Editado: Ago 1, 2012, 6:41am

Happy August 1st, everybody. What a great group we have! Seems like just yesterday we were talking about reading this book together and now it's finally here! I need to finish up an ER book today but I'll begin ATGiB this afternoon. Hope this is a great experience for everybody. Happy reading!

#20 Hey Kath, I've never seen the movie nor read the book so all of this is new,new,new to me. What granny says after that quote probably hit home to many of that time period, immigrants who cherished the freedoms available to them. I could easily imagine my grandparents being just has hepped up as granny.

#21 Lucky you, Donna! Your book sounds like a real treasure. How cool to read the same words and hold the same book as your mother. I'm thinking of giving it to my mom (now that her cataract has been removed) to read after I've finished it. She's from Manhattan and would probably enjoy reading of a time and place she remembers so well.

#22 Cathy, I must have been living in lala land when I was a kid. How did I miss this book AND movie!? Life with blinders on, I suppose :0}

#23 Yeah, hb'srus! It's always nice to see new people. So glad you're joining us!

#24 Yeah, Britt! Another new to me name. Glad to have you aboard!

Ago 1, 2012, 7:52am

My great grandparents were the immigrants. I have strong memories..

( Have you ever heard of the show I REMEMBER MAMA? I barely do, but I loved it )

I do know that this book was one of my favorites when I was a young girl, so I am looking forward to it now.

Ago 1, 2012, 5:25pm

OK - I'm here!
(Thanks to all enthusiastic chatting friends looking forward to this and Mamie who gave me a link I couldn't refuse!)

Have never read this book before but have certainly heard of it - tho I have no real idea what it is about. There's one way to find out!
Will be starting this very soon :-)

Ago 1, 2012, 5:42pm

Thanks for the welcome Lynda :)
For me, the book is new; I see many people here grew up with it, but I am not from the US and hadn't heard of it until quite recently...

Also, I love the quote in the first post :) I tried that for a while, reading a book a day, I was really obsessed with reading when I was a child. The one book a day thing didn't work out I'm afraid, and nowadays I have all sorts of grown-up things to do every day so I'm not able to read as much as I'd like. But it's an intriguing quote, and a really good starter, really makes me curious to see what the book is like...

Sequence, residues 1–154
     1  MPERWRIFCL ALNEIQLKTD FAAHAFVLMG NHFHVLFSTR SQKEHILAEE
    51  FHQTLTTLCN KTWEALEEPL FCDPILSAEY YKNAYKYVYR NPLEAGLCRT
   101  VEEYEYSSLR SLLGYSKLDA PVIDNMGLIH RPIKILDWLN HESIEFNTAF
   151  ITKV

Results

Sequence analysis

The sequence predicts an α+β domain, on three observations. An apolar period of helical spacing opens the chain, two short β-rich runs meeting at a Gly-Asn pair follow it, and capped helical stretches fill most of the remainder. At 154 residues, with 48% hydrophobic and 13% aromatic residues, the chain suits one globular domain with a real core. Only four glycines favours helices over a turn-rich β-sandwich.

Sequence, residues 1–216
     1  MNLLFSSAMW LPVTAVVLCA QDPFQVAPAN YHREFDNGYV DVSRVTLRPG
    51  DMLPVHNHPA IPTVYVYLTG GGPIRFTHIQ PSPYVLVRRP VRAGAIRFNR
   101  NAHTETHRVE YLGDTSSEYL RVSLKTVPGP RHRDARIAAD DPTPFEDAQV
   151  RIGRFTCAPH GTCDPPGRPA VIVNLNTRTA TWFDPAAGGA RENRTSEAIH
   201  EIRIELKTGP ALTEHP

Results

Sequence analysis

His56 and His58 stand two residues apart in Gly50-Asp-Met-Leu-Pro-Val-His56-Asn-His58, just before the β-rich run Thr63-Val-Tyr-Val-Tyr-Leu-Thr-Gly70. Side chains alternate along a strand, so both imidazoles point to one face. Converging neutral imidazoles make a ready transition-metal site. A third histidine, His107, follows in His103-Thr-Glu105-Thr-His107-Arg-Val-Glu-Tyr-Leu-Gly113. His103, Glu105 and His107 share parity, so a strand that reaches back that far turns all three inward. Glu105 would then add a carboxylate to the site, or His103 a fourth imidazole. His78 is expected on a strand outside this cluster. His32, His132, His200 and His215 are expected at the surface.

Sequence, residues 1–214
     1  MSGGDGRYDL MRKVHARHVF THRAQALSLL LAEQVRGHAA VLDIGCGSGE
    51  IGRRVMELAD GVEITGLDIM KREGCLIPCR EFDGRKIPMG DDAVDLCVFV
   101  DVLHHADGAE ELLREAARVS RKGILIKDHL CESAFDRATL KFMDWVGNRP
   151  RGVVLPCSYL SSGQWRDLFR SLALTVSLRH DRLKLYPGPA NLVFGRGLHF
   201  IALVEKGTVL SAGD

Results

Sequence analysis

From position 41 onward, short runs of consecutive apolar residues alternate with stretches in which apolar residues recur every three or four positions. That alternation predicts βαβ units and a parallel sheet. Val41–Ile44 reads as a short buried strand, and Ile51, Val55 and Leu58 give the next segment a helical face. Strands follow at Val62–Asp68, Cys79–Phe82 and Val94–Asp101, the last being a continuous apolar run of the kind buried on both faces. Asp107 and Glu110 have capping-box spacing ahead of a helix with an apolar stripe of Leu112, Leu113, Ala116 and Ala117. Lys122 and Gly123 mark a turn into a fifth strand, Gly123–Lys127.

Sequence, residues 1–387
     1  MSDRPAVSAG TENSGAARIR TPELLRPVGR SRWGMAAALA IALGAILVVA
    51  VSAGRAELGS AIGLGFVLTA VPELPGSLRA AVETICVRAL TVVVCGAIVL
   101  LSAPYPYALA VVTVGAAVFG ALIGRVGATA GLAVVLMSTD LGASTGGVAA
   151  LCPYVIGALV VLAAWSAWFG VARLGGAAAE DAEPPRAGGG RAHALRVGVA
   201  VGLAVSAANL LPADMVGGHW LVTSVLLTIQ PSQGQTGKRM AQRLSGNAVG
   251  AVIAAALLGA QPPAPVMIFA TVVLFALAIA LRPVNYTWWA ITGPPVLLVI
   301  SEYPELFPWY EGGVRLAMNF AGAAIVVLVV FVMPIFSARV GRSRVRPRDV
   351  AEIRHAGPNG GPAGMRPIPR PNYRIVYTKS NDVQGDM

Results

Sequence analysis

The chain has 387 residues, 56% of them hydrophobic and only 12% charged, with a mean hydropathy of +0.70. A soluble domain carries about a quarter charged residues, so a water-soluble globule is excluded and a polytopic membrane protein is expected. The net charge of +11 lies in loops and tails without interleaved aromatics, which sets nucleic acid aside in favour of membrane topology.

Ago 1, 2012, 8:28pm

(25) I've never seen the movie, either, but I finally read the book, for the first time. Loved it!

Ago 1, 2012, 9:21pm

This is my first time reading the book also. I loved this quote:

"Sometimes she worried for fear the book would be lost in the library and she'd never be able to read it again. She had once started copying the book in a two-cent notebook. She wanted to own a book so badly and she thought the copying would do it. But the penciled sheets did not seem like nor smell like the library book so she had given it up, consoling herself with the vow that when she grew up, she would work hard, save money and buy every single book that she liked."

Ago 2, 2012, 7:13am

I started my re-read last night. I'm amazed at how familiar it feels as I go along, and how much detail I remember. My last read of Tree was probably twenty years ago---I don't think I've retained so much of many of the books I've read in those 20 years.

Ago 2, 2012, 7:45am

#26 Hey Kath, Glad you're looking forward to the read.

#27 Yeah, Cee's in the house, Cee's in the house!

#28 Hi there Britt, Hope you enjoy your trip to New York, via ATGIB

#29 Fuzzi, I'll probably borrow the movie from the library after I've read the book. (must check for availablity - It's an old one)

#30 That's a great quote, Mamie! If that's not love, I don't know what is!

#31 Linda, Your re-read sounds like going home to visit old friends. You're so right, there are not many books that leave that kind of feeling. Enjoy!